Calling for pre-paid probate regulation

Calling for pre-paid probate regulation

We recently wrote about the welcome regulation of funeral plan providers by the Financial Conduct Authority (FCA). It has become painfully clear how crucial regulation is after the company Safe Hands went into administration earlier this year. Their customers’ funeral plans have been voided and it is likely that no more than 20% of their money will be refunded.

The FCA has warned the public not to buy funeral plans from companies that, despite withdrawing applications for FCA authorisation, are still advertising funeral plans on their websites, such as Empathy UK Funeral Plans.

From 29th July 2022, any company without authorisation cannot legally sell pre-paid funeral plans unless they meet the regulations.

One such regulation includes looking after and using customers’ money responsibly. But unfortunately, there are companies out there with no scruples once you’ve handed your money over.

The FCA’s new regulations will hopefully flush out such companies from the list of pre-paid funeral plan providers. However, pre-paid probate is a service that remains unregulated.

Pre-paid probate: same model, same problems

Imagine you run a company. Doesn’t the following sound like the perfect business model? The business receives upfront payment for something that it might not deliver for years, and the customer won’t be around to measure the quality of that service against their expectations. Plus, target customers include the elderly, who are more likely to be influenced by high-pressure sales tactics and a narrative spun around easing the burden of future bills for loved ones.

This model could describe pre-paid funeral plans or pre-paid probate. The only difference is that the latter is not properly regulated, and there are no immediate plans for it to be.

Therefore, pre-paid probate is an ideal shift to make for funeral plan providers who are not in a position to register with the FCA.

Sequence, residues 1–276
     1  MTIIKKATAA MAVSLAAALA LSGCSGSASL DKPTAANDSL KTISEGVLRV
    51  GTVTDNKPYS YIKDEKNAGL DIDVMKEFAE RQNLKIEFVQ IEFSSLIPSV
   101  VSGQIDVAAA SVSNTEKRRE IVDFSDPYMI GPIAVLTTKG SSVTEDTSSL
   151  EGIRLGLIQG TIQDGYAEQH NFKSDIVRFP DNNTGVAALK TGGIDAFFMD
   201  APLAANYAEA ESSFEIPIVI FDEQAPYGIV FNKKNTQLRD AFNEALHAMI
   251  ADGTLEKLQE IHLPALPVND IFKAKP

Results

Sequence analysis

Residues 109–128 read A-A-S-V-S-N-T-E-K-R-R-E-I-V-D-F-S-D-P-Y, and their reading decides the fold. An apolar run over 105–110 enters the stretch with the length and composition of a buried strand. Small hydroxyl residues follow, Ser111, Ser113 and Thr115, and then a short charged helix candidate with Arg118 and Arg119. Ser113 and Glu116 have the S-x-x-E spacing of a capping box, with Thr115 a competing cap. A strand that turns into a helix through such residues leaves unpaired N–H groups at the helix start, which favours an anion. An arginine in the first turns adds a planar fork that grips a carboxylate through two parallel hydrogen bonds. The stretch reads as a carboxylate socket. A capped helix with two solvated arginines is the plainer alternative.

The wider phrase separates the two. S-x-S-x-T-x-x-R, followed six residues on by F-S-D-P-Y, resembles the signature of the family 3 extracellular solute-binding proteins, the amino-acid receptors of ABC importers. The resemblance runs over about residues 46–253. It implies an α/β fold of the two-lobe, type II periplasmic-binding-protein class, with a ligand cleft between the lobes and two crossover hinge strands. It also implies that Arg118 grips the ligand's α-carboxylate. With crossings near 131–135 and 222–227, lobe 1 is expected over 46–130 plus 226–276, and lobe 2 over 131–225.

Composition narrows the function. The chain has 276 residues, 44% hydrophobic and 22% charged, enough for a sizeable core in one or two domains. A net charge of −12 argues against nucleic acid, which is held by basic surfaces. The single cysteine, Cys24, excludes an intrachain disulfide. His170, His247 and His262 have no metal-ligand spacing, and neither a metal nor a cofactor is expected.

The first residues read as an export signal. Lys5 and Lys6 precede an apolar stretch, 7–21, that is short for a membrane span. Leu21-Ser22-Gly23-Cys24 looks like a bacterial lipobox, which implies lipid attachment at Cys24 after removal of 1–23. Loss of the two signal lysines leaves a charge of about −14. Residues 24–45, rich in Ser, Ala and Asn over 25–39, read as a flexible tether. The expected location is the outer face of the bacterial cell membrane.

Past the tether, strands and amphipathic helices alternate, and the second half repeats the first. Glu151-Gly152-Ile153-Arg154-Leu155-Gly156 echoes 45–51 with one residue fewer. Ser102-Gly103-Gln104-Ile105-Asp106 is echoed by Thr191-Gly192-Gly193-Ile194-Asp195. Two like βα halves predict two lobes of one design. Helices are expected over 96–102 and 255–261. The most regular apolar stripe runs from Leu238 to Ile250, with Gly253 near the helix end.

However, for customers and the industry as a whole, it is the same model with the same problems. And a report from the Legal Services Board agrees. The report, written by ITC (the largest probate company in the UK), covers miss-selling and fraud, saying: “Pre-paid probate is, in our opinion, the largest dormant but inevitable disaster that will hit this whole sector.”

Why wait for history to repeat itself?

Why wait several years for the same problems that have faced the funeral planning sector to build and happen again? Why let more customers suffer the same stress and financial loss when a pre-paid probate provider inevitably goes under?

The Best Foundation believes that change needs to happen now.

Regulation of pre-paid probate is essential for protecting customers’ money. If a provider fails, customers will have access to the Financial Services Compensation Scheme (FSCS). Financial losses – like those Safe Hands’ customers have faced – could be avoided.

Our Code of Conduct, applicable to all Best Foundation members, prohibits the selling of pre-paid probate products.

Best prioritises customer protection, so we offer a client guarantee, making sure no customer of a Best member ever loses their money when it comes to estate planning. But we want safety for all. That is why we will fight and campaign for better regulation of the estate planning industry as a whole.

Why regulate pre-paid probate?

  • To ensure that companies offering probate services are responsible with customers’ money
  • To prevent mis-selling of probate (some estates do not require it)
  • To make extra charges clear to customers from the outset
  • To provide a financial safety net so that if a company fails, customers can apply to FSCS
  • To prevent cold calling as a high-pressure sales tactic

This article was submitted to be published by the Best Foundation. The views expressed in this article are those of the submitter and not those of Today’s Wills and Probate.

Best Foundation

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